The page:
Julie Henderson at IPE.com reports that pension funds called on to invest in infrastructure:
The UK government has called on pension funds to consider investing in infrastructure, as officials admit hundreds billions of pounds of investments is needed over the next 10 years.
Speaking at a recent conference in London on infrastructure financing, Lord Davies, minister for trade, investment and small business, admitted the UK needs to stimulate private sector investment in infrastructure as “the next decade must see a new wave of investment in key infrastructure sectors, worth hundreds of billions of pounds”.
In particular, Davies said: “It’s my personal view that we need a new capital market for infrastructure. The changes in liquidity, capital ratios, and the changes in the financial services industry are profound. And therefore the financial services industry is going to find it increasingly difficult to put long-term money into project finance. So we have got to be creative in generating new sources of income.”
He continued: My personal view is that the pension fund industry, with such enormous funds under management, is going to be critical to success.”
Pension funds across Europe do invest in infrastructure for diversification purposes, usually in a bid to partly tackle inflation hedging. Only recently, Kent County Council announced it was looking to invest £30m-£40m (€34.6m-€46.1m) in a global infrastructure mandate on behalf of its £2.2bn pension fund. (See earlier IPE story: UK roundup: including Kent)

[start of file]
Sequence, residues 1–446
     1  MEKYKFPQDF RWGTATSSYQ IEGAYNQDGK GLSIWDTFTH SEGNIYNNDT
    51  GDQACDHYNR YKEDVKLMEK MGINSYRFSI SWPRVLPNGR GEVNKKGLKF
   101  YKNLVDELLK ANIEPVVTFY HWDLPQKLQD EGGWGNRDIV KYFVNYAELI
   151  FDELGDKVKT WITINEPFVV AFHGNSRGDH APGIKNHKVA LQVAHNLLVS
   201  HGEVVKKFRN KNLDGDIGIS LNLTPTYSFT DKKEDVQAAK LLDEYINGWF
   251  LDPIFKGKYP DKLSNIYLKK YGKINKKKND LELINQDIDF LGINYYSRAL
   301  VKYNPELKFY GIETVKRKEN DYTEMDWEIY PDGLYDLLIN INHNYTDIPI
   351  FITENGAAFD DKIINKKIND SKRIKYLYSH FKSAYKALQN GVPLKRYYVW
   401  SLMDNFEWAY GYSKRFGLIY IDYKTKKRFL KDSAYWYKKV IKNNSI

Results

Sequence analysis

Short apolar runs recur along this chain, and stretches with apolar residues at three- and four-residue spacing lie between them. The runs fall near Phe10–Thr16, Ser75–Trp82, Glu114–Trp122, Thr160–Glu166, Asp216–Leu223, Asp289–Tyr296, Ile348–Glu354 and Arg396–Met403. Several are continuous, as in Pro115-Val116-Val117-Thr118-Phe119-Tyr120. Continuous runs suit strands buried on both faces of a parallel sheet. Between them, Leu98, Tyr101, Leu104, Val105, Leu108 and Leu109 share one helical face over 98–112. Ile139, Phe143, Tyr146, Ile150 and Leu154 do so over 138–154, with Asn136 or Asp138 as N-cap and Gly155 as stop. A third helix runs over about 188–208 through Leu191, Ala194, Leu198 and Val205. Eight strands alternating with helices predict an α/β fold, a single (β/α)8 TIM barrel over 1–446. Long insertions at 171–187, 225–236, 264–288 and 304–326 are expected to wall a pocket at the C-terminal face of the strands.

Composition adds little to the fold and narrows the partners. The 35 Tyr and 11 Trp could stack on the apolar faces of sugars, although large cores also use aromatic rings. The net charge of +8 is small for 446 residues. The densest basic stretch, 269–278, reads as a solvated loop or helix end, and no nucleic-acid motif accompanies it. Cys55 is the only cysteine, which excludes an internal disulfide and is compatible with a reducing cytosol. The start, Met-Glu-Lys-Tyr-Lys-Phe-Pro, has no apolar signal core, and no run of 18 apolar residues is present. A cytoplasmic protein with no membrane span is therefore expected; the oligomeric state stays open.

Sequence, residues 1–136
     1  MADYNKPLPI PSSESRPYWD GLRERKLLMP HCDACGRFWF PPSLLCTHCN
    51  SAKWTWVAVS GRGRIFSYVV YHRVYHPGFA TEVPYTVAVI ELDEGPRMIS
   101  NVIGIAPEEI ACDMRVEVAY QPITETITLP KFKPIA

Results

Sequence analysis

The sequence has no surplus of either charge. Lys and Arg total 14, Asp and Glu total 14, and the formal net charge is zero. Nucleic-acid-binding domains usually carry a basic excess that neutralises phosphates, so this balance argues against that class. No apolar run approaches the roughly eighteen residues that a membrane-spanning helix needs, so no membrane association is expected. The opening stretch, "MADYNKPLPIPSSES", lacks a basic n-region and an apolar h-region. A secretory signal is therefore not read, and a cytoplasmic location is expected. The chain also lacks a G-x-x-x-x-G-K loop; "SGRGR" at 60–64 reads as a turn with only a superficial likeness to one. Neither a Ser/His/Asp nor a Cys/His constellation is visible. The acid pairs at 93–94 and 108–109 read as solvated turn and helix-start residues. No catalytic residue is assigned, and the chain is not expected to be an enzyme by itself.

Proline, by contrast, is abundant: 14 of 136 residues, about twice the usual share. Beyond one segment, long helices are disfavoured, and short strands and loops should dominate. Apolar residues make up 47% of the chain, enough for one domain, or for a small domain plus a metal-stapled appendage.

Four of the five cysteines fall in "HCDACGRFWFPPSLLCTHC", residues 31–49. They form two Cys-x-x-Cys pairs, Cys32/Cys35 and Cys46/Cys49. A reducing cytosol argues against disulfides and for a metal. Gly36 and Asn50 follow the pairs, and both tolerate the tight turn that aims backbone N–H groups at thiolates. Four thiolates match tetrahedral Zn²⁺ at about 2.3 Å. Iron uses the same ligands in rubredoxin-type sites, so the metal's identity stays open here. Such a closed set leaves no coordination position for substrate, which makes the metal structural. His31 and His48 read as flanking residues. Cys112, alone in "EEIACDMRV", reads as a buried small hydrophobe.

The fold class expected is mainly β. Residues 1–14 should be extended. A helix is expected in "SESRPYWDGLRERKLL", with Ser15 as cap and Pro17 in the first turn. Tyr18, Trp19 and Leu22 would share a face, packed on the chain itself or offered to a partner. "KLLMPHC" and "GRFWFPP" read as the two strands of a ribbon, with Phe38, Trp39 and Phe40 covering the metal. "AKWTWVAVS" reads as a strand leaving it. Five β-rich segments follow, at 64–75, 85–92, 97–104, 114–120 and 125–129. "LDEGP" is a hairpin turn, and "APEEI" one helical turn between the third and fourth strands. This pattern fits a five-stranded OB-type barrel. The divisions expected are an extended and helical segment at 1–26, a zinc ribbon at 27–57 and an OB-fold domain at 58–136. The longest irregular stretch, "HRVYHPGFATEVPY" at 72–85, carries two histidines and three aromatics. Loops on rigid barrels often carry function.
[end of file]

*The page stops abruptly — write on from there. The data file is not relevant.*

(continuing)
The UK government also launched a committee known as Infrastructure UK, last December, to present ideas to the Treasury on how the planning, financing and delivery of infrastructure might be achieved.
And it is expected that further information on the government’s plans for infrastructure investment will then be revealed in the 2010 Budget, expected in March or April.
The list of projects needing financial backing is huge so officials are seeking new thinking on the financing of everything from waste treatment facilities and water infrastructure to low carbon energy systems and high speed rail.
The comments were followed by a report from Preqin suggesting the number of deals completed by unlisted infrastructure fund managers was down 33% at 130 deals over the previous years. Yet the amount of money raised was up 82%, according to the report.
The data compiled from Preqin’s Infrastructure Online service showed just 27 deals were signed between 1April and 30 September last year, and the average deal size for the whole of last year was $600m (€430m) and those worth $1bn amounted to just 15% of all infrastructure contracts signed in 2009.
Over 60% of the deals completed related to European projects and 80% were in four core investment areas: energy, telecoms, transport and utilities. The remaining money was spent in educational projects, government-related infrastructure, healthcare, logistics, and waste management, said Preqin.
Debt constrictions and lack of available assets were seen to have contributed to the contraction in the infrastructure market, according to Preqin, and conditions are still difficult as many fund managers will still be dependent on increasing equity ratios or their ability to persuade vendors to reduce their prices.